Voter Turnout Likely to Play a Big Role in the Outcome of Today's Elections
When the polls close and the vote counting starts, one thing to watch with the election returns is voter turnout.
When turnout is low, Republicans benefit. The last time a Republican won statewide was back in 2009, when turnout dropped down to 40% of registered voters. Democrats tend to do well when turnout is a bit higher, like in 2013 when Terry McAuliffe won in an election that had 43% turnout.
Stephen Farnsworth at the University of Mary Washington says he expects turnout in this year's election to be even higher than the 2013 election.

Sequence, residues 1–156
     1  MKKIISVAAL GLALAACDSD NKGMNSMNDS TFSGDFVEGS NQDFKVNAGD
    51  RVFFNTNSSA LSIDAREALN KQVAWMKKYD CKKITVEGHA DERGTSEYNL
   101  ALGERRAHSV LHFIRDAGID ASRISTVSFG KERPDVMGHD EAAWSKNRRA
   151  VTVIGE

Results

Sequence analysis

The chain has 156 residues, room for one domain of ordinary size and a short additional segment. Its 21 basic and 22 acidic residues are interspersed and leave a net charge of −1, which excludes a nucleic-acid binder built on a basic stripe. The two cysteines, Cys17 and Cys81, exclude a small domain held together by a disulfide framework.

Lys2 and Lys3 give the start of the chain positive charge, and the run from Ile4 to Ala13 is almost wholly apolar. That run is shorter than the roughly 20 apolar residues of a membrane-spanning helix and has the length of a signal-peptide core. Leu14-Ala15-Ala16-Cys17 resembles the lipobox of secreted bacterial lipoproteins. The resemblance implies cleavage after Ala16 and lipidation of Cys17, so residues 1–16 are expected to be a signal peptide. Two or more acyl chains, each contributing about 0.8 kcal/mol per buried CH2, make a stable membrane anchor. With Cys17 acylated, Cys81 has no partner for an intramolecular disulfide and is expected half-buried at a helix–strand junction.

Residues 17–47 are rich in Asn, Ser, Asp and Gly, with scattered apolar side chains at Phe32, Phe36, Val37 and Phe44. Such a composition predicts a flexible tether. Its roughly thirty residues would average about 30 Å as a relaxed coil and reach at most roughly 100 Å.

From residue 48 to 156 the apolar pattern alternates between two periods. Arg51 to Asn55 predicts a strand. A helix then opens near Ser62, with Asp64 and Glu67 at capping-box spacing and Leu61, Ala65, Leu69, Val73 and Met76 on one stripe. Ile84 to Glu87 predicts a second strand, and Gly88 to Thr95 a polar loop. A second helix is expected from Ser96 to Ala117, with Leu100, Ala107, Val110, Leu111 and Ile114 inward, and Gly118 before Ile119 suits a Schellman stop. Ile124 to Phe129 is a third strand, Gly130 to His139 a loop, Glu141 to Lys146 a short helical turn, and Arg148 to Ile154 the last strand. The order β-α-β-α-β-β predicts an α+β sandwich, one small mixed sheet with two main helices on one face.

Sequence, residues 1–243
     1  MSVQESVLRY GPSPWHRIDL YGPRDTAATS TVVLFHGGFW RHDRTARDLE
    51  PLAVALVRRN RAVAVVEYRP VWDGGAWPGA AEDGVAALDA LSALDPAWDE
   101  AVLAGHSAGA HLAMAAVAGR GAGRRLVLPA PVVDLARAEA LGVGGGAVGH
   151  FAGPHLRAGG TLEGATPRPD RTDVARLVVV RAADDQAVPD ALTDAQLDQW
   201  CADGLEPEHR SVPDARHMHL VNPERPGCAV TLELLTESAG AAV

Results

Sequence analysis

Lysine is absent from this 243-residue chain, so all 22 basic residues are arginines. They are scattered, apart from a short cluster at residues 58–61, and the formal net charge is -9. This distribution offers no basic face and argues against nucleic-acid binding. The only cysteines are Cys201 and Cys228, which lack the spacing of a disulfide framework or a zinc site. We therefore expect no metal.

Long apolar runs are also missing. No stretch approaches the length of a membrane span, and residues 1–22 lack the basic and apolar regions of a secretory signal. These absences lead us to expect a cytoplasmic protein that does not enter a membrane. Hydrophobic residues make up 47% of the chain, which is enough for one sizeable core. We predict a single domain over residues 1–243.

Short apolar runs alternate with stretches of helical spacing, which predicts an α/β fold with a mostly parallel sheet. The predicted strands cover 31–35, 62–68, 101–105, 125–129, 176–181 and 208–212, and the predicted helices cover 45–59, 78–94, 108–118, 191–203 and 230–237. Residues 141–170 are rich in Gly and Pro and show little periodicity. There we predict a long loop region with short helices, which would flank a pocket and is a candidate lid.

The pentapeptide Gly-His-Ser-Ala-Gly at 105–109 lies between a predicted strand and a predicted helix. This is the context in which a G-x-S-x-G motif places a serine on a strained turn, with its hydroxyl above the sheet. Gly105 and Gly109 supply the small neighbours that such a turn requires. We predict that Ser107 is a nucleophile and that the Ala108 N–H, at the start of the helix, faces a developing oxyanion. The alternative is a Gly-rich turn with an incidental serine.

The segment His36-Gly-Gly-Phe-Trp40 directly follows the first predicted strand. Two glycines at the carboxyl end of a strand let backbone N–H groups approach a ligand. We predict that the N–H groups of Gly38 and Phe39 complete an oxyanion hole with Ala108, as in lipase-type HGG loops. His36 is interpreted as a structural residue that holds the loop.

"In part because it is so much easier to vote now," Farnsworth says. "And so we know that many, many more people participated in the early ballot system this time around."
Some are predicting all that early voting will end up breaking records.
"I think we're going to have record turnout," explains Quentin Kidd at Christopher Newport University. He says he expects the total turnout this year to be even higher than 2017, when Ralph Northam won with a 48% turnout.
"And that's going to be the result of a competitive race, well-funded on both sides, Republicans more energized and enthusiastic than they have been," Kidd says. "But I still think that Democratic vote is there. I just think you're not seeing the Democratic enthusiasm represented by rallies because Democratic voters are less inclined to pack into rallies."
He says turnout might actually end up breaking 50%, which would be a huge turnout for a governor’s race. Now for comparison, the turnout in last year's presidential election was 75%.